…the Prime Directive was an important part of the founding principals of the Federation, formulated in 2160 in part to help protect the natural development of pre-warp civilizations.
Captain Jean Luc Picard once said this:
This is really a debate in two parts, or two timeframes, to be more accurate. Feel free to choose which point you would prefer to debate-you do not need to address both of them.
(1) In the context of future Star Trek civilization, do you agree or disagree with the principals of the Prime Directive? Do you agree with Picard’s observation that history has shown when a more developed civilization interferes with a less advanced civilization, the results are invariably disastrous? Do you self-identify as pro or anti-directive?
(2) In the context of present day Earth, should the principals of the Prime Directive apply to any current real world situations? Should the various “first world” nations adopt a “hands off” approach and let the developing nations develop themselves?
I’ll respond to point two, if I may excuse myself from the guesswork of the first one.
The Prime Directive simply cannot be compared to our modern day situation. The Earth is far too unified, and travel is far too easily done between all nations, whether they are first world or not. Pre-warp civilisations can develop naturally without infringing on the Federation. Not so with third world countries, who internal struggles can much more easily spill over borders
re: (1) - on the assumption that Picard isn’t just lying about the ‘history has proven again and again…’ bit (and of course he’s probably referring to a lot of stuff that has happened off-screen), then yes, the Prime Directive is probably generally the least of all possible evils, but for such a fundamental principle, it seems to be set aside or skirted rather a lot.
Actually, this is a perfect illustration as to why the “Prime Directive” couldn’t be made to work in even Star Trek’s universe. With FTL travel available to everyone with the necessary resources, how can you possibly ensure that some group won’t show up on a pre-warp tech planet and begin exploiting the natives in some manner? Given that in the Star Trek universe, at least, species of intelligent life tend to resemble one another no matter where they evolved in the galaxy, then Leisure SpaceSuit Larry and his replicator could set up shop on any number of pre-warp worlds and proceed to get all the nookie he could handle and then some.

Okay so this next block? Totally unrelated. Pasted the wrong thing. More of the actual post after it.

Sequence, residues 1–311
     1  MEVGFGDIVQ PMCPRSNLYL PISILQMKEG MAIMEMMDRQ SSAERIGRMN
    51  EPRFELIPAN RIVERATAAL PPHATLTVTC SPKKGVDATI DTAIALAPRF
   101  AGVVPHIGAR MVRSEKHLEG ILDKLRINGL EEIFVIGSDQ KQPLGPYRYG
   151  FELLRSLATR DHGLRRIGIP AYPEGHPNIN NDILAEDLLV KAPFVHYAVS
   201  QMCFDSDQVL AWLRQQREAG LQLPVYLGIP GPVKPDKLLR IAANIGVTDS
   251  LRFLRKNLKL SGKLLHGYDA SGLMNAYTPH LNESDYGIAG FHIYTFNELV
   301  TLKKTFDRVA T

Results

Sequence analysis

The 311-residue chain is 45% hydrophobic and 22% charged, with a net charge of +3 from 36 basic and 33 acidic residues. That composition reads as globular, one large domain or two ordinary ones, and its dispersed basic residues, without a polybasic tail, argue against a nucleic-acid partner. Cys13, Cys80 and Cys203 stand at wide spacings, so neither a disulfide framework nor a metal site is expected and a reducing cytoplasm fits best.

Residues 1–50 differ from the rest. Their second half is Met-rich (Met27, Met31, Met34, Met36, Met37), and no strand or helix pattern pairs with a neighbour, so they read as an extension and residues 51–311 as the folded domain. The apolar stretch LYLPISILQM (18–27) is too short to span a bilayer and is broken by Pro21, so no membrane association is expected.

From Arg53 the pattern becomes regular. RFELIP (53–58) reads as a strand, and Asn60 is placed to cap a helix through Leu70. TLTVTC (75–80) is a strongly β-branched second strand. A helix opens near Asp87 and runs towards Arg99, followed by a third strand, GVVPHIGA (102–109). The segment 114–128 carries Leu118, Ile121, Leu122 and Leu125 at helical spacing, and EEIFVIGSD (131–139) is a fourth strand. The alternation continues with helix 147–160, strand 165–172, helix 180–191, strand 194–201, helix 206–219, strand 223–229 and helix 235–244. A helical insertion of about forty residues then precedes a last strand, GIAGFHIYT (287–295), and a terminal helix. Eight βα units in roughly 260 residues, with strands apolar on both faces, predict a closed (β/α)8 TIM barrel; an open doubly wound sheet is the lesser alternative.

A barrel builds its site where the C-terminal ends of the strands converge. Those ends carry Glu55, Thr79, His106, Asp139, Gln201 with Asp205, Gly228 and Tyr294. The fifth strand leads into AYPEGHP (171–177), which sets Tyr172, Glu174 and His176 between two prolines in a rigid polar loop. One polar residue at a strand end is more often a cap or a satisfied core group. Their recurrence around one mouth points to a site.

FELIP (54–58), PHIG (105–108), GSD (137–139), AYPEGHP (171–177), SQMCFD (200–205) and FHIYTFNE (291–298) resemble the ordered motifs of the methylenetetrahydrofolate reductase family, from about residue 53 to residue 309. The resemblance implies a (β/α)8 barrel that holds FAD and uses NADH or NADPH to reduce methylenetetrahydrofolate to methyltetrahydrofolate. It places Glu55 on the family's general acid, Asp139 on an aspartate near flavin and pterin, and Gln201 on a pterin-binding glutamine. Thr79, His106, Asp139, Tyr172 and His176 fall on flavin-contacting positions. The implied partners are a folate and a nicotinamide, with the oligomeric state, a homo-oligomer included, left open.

Anti Directive. The context is simply different. Many of the societies that collapsed upon meeting more powerful cultures were the sort of unstable, primitive societies that have a tendency to collapse, period. And many of the others were attacked, not just contacted or traded with; of course that was bad for them. Quite often the ones that adapted to contact were attacked for just that reason; to keep them from becoming strong.
The Federation isn’t interested in conquest or genocide or slaves, and if a society does well after contacting them it’s not going to drop photon torpedos on them and herd the survivors onto reservations. And the societies it deals with are not generally unstable collections of tribes/clans, held together by unstable alliances, a fragile balance of power or a single strong leader who might choke on a bone and throw everything into chaos tomorrow. Except the Klingons, whom they do deal with. They aren’t dealing with the same sort of cultures, except in the cases when they are dealing with preindustrial primitives, and even then they aren’t going to smash them on purpose.
And then there’s the moral problem; refusing to do anything to help hurts and kills people just as much as attacking them or contacting them and screwing up does. It’s more a matter of moral cowardice, to be blunt; by not interfering they can claim a lack of responsibility. Rather like watching someone drown when you have a rope by your feet, because you don’t want the responsibility for giving them rope burns.